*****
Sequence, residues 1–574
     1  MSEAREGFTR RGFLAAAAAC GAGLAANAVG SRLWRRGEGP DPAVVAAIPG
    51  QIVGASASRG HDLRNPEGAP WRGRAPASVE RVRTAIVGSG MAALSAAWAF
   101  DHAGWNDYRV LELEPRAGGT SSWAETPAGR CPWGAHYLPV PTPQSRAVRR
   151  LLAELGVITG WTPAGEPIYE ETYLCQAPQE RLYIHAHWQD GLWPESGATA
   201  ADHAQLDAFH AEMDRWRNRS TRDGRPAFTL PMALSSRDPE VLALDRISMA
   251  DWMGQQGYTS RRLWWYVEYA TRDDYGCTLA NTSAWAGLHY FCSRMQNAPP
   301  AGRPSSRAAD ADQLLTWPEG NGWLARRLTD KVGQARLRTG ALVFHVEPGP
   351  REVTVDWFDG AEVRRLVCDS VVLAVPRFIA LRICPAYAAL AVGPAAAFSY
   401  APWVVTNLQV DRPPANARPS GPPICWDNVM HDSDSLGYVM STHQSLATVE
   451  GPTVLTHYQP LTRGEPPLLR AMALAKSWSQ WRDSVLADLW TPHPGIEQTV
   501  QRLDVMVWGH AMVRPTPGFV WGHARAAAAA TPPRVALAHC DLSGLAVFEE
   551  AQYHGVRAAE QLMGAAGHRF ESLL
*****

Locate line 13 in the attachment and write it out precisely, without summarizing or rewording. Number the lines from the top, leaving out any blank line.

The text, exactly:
   551  AQYHGVRAAE QLMGAAGHRF ESLL